The debate may give the impression that we are eating more sugar than we used to, but statistics show otherwise. Although it varies from country to country, overall we are not eating more sugar.
According to the Food and Agriculture Organization of the United Nations, the supply of sugar to EU countries has remained relatively stable over the past forty years (EU average of 36 kg sugar available for consumption per person/year – not intake). Please see figures for selected countries below.
By comparison, national dietary surveys reports lower figures. However, meaningful
data measuring the actual sugar(s) “intake” is difficult to obtain. First of all, the availability of such data varies a lot among EU countries. Where intake data exists, it is limited by the fact that there is no standardised method for collecting intake data across Europe.
Various intake figures are not comparable due to the use of different data sources and methodologies across countries. Dietary surveys also have high levels of misreporting.
A review looking at dietary surveys from 13 countries in the developed world shows the development in dietary intake of sugar from the latest national surveys of dietary intake. The authors conclude that performing comparisons is complicated, since the definitions of dietary sugars are highly variable. Generally it was found that dietary sugar intake was either stable or decreasing, with increases seen only in certain subpopulations.
(link to study by Newens and Walton).
The actual national sugar intake is assumingly higher than the figures reported in national dietary surveys (due to underreporting), but lower than the average national sugar supply, because wastage accounts for a large proportion of the supply statistics and consumption.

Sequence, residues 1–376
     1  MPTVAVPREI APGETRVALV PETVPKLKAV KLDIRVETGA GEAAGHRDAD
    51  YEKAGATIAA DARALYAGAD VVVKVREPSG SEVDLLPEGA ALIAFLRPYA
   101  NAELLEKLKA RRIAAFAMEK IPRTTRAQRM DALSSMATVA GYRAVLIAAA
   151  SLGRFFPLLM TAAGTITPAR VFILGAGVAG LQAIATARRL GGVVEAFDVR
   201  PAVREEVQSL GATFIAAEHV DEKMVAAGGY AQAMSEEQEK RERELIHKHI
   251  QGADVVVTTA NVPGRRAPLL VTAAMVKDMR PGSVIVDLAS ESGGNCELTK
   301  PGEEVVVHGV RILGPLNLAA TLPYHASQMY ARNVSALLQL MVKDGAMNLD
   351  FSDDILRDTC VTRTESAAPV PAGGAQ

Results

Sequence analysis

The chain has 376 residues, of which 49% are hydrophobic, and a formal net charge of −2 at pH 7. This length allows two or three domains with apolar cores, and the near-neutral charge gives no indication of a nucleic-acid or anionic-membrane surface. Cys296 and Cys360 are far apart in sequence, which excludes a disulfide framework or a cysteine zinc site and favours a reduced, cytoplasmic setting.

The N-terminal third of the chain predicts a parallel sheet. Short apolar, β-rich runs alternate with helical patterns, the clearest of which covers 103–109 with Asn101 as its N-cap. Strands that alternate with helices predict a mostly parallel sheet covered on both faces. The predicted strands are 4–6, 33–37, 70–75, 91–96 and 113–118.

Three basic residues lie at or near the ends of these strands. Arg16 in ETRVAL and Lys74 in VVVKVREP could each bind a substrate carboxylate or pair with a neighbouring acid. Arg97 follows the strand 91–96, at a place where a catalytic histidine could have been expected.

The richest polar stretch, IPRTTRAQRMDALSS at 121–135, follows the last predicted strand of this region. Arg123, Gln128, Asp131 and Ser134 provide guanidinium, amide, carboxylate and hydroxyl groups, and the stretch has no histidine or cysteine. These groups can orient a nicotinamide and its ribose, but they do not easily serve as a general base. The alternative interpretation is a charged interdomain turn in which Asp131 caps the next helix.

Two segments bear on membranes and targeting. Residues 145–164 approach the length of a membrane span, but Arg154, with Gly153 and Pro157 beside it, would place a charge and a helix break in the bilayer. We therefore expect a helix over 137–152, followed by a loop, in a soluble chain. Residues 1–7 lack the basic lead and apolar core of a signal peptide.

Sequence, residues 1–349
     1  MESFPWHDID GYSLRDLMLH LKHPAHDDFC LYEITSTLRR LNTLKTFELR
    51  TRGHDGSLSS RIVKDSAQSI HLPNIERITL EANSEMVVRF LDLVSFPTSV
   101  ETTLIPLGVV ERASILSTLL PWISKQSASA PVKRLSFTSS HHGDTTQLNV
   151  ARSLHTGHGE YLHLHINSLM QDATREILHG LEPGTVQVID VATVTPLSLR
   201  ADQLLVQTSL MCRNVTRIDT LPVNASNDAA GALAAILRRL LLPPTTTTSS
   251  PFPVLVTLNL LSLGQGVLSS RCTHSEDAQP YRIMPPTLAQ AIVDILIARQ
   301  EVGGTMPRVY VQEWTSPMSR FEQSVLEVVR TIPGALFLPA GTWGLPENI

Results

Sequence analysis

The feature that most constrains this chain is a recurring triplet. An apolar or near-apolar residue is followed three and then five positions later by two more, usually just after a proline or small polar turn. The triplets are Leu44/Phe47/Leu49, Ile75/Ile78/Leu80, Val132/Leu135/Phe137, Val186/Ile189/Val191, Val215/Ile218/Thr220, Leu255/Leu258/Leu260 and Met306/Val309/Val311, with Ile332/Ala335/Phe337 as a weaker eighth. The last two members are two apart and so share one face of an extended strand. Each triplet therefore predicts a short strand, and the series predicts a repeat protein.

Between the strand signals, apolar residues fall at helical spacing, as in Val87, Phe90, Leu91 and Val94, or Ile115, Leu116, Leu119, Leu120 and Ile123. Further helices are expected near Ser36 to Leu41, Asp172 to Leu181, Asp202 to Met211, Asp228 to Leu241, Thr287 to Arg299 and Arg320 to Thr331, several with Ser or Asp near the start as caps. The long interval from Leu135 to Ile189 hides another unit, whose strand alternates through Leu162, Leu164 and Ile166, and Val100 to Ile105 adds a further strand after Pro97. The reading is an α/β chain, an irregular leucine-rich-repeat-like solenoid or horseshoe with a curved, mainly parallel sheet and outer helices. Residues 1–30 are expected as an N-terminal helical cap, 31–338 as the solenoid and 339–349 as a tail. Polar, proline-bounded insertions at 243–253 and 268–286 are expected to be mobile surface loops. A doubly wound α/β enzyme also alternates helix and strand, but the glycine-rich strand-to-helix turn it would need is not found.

Looking at the average figures, it is important to remember that consumption is not evenly distributed across the population. Some groups, especially among children and young people, have a higher sugar intake than others.
How to calculate sugar intake
There are two methods for calculating sugar intake.
The first method is to use supply statistics (gross)
This method looks at how much sugar is available to industry and households, and hence to consumers. The starting point is a country’s production of sugar, adjusted for imports and exports, either directly or as sugar content in end products. The result is divided by the number of citizens and produces the amount of sugar that is available for consumption to each consumer. The disadvantage of this method is that it does not take wastage into account, i.e. all the food products and food leftovers that are thrown away by shops, restaurants and private homes. Some surveys suggest that up to 20–30% of our food goes to waste. This means that the actual intake will usually be less than that shown by the supply statistics. Sugar supply figures broken down by country can be found here. Read more Choose “Food Balance”, “Food Supply – Crops Primary Equivalent” and then choose “Country”, “Element” Food Supply Quantity (kg/capita/year), Item “Sugar, Refined Equivalent”.
The second method is dietary surveys (net)
In this method, selected individuals are asked what they have eaten during the course of, for example, a week. The disadvantage of this type of survey is that people – consciously or unconsciously – state that they have eaten less than their actual intake of sweets and cakes. It is therefore likely that the actual intake of sugar is higher than the dietary surveys indicate. Dietary surveys are carried out by national food authorities.